He highlights Davies’s suggestion that the former Observer editor Roger Alton allowed himself to be bullied by the Blair government into supporting the Iraq war: “the most heinous accusation one could make against an editor”. Glover says the idea is based on “shreds of tittle-tattle or hearsay” – perhaps of the same kind that led the Guardian to announce in a report by Davies that the New of the World had deleted messages left on the missing schoolgirl Milly Dowler’s phone, which raised her family’s hopes that she was still alive. The claim turned out to be false but Davies never apologised or retracted.

 

GEORGE EATON: THE POLITICS COLUMN

In his column this week, the NS political editor, George Eaton, argues that the “discipline, pragmatism and ruthless desire to win” that allowed the Conservative Party to govern for 57 years of the 20th century seem to be disintegrating, starting with the defection of Douglas Carswell to Ukip:

That the Tories are convulsed by an issue [Europe] that does not even feature in the top ten of voters’ concerns is a clear sign that the party has lost its winning instincts. Another was the willingness to relinquish the planned boundary changes in return for the abandonment of House of Lords reform. Another still is the decision of so many new MPs in marginal seats (nine) to stand down rather than take their chances with the electorate.

To understand the enemy better, Eaton writes, “GCHQ staff have been ordered to read Revolt on the Right, Matthew Goodwin and Robert Ford’s analysis of the rise of Nigel Farage. But the opposition cannot afford to be sanguine in the face of Ukip’s increasing popularity.

On the micro level, Farage’s party poses an immediate threat in target seats such as Thurrock and a longer-term one in Labour’s northern fortresses. On the macro level, the ascendancy of a party that trades in cynicism and anti-politics creates a culture ever less hospitable to a social-democratic idealist such as Ed Miliband. The Ukip insurgency has robbed Labour of the energy and momentum that ordinarily accrue to an opposition party on the road to Downing Street.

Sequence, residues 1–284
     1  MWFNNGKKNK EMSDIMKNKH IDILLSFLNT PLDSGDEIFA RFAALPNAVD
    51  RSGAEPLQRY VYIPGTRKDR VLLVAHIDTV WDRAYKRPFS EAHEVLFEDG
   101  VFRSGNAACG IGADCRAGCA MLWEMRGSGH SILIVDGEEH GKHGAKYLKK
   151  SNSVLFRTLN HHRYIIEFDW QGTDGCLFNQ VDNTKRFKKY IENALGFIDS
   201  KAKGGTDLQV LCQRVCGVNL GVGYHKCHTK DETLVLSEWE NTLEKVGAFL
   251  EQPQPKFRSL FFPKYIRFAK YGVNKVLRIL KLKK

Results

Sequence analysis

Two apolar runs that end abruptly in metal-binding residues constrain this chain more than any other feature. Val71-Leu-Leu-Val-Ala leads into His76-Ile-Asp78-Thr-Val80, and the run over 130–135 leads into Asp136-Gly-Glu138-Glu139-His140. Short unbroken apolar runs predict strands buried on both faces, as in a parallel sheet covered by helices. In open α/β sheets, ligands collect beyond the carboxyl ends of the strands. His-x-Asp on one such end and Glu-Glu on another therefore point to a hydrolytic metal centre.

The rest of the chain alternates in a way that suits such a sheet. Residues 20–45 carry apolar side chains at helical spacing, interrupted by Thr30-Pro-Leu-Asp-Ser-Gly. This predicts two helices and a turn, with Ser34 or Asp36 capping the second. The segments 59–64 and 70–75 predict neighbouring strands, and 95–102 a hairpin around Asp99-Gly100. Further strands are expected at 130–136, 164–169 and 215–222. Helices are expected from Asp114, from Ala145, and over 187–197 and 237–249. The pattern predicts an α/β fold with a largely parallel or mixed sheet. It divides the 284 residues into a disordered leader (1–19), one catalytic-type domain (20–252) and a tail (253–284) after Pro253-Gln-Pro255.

Eaton says that Labour strategists are “alive to the danger of winning the election by default, lacking a mandate for bold change and the popular support necessary to sustain a government through another parliament of austerity”:

“People aren’t yet convinced that we’re prepared to make the changes required. That’s why they’re playing footsie with Farage,” one shadow cabinet member tells me. To others, the Ukip surge is evidence of the need to offer reassurance, above all else, on the issues of the deficit, welfare and immigration.

The tension is greatest in the case of the NHS. The desire to sustain the health service (the issue on which Labour enjoys its largest poll lead) and to carve potent dividing lines with the Tories competes with the fear that a party devoted to reducing the “cost of living” cannot credibly commit to a rise in general taxation. The solution, combined with a definitive and radical policy on tuition fees, will likely form the centrepiece of Labour’s conference.

 

HELEN LEWIS: ONLINE ABUSE, LEAKED NUDES AND REVENGE PORN – THIS IS NOTHING LESS THAN TERRORISM AGAINST WOMEN

In her column – Out of the Ordinary – the New Statesman’s deputy editor, Helen Lewis, identifies a common thread in a series of appalling cases of online abuse, often aimed at women involved in the video-games industry. The cases include the leaking of nude photos of female celebrities, most recently the actress Jennifer Lawrence. “This is a form of terrorism,” Lewis writes.

What we are witnessing are deliberately outrageous acts, designed to create a spectacle and to instil fear in a target population. Where Osama Bin Laden watched in approval as every news network endlessly replayed the footage of a plane hitting a tower, the hackers and harassers must feel thrilled by all the carefully search-engine-optimised headlines above articles decrying the latest leaked pictures. It is a function of successful terrorism that the media become unavoidably complicit in spreading the terror. There is no way to report the story without increasing its potency. We cannot stop looking.

Lewis links the leaking of nude celebrity photos to the impetus behind revenge porn – men use it to “punish women who step out of line”. Online radicalisation is also a factor:

It would be hard to design a better echo chamber than a tightly knit, insular internet forum. We already know that groups tend to drift to extremes as members move with the prevailing wind (and moderates leave). Add a dash of alienation and a sprinkle of resentment and you have the perfect crucible for extremist behaviour.